Ever turn down a promotion and raise? Tell about it

I’ve just declined a promotion with a 30% raise. Again. For the 2nd time in less than 3 years. The pitch came from the most senior folks in the highest levels of the hierarchy. I’ve worked with them for well over a decade. To some extent it is an old boy and girl’s network.

I would have been the big boss, top echelon, stationed in the home office in the Capital. It would have required political clearance since it’s at the high levels of the state government.

Oh, it wasn’t guaranteed that I’d get the job. But I’d certainly have the inside track if I applied for it, as I know the system inside and out, know the people in the positions of power, and have the qualifications, including having already done a stint as “acting boss” for over 6 months in the past. And I’ve always been the guy people turned to when they either couldn’t reach the boss, or were afraid to talk to him. It’d be my job to lose, basically. No one else inside the department is anywhere near as qualified as I am for the top position. Not a brag, just an honest assessment of our current staff. We’ll need to find our next director outside our own ranks.

But I Just Don’t Want It.

I’ve seen the job burn out my two previous bosses. I’ve seen them just about foam at the mouth with frustration, putting in long hours as they got ground up in the bureaucracy of government managers and red tape. I’ve listened to them vent about it, how it ate their lives, haunted their dreams, and made them dread work.

Some folks tell me to go for it. They think I’d make it work, that I’d do it better. Or at least that they’d be better with me as the boss. They tell me to just stick it out for 3 years, to boost my pension by a significant amount, then retire on my terms.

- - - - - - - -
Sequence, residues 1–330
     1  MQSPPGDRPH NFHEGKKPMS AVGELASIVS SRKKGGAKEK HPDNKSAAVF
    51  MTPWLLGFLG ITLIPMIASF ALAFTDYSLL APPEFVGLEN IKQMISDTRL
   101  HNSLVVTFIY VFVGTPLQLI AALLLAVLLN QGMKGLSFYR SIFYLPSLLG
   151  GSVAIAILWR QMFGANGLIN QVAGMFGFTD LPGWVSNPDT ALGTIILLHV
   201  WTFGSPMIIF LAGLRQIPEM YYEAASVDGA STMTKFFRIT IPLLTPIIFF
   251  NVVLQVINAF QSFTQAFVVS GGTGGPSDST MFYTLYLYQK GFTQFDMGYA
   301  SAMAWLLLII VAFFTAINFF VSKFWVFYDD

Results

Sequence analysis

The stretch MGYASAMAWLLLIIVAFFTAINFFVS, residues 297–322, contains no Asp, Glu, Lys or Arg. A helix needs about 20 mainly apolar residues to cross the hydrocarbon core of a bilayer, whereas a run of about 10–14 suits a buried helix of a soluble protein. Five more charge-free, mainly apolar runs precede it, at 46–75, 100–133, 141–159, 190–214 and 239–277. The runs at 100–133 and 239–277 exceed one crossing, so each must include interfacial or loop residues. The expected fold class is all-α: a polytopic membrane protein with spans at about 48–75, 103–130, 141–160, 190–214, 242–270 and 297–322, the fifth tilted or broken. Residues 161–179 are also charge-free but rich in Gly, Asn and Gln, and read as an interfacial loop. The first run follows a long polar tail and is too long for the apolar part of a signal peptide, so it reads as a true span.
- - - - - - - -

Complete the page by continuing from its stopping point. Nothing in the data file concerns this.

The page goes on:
But I’d have to give up all the parts of my profession that I love; the actual patient care, the teaching of other health practitioners, the feeling that I’m actually making some sort of positive difference sometimes. And I’d also have to take on all the things about modern medicine that I hate; the utilization reviews, the hiring and firing, the disciplining of employees, the budgeting, the (increased number of) lawsuits with my name on them because I’d be the boss, the negotiating with health care systems, the writing of policy. I’d also have to rent an apartment in the Capital, as it’s a two hour commute from my home of nearly 60 years.

I also don’t believe I’d be good at it. Everyone else tells me otherwise, but in my heart of hearts I know what my strengths and weaknesses are. And even if I would be good at those tasks, I still hate doing them. I think it’s a curse to be good at things you don’t like doing.

So I’ve said no, for the 2nd time. The extra money isn’t worth it. The status isn’t worth it. Fortunately my wife agrees 100% with my decision. I’ll help hire and train the new boss, just like last time. And hope that this next boss sticks around long enough for me to retire already.

So what’s your story of saying “No” to further advancement? And how’d it work out? Any regrets or repercussions?

I’ve never turned down a raise / promotion (par for the course here, right? The very first post after the OP doesn’t really answer the OP) … BUT, I did work with a guy who turned down raises three times in the 10 years we were both at a company.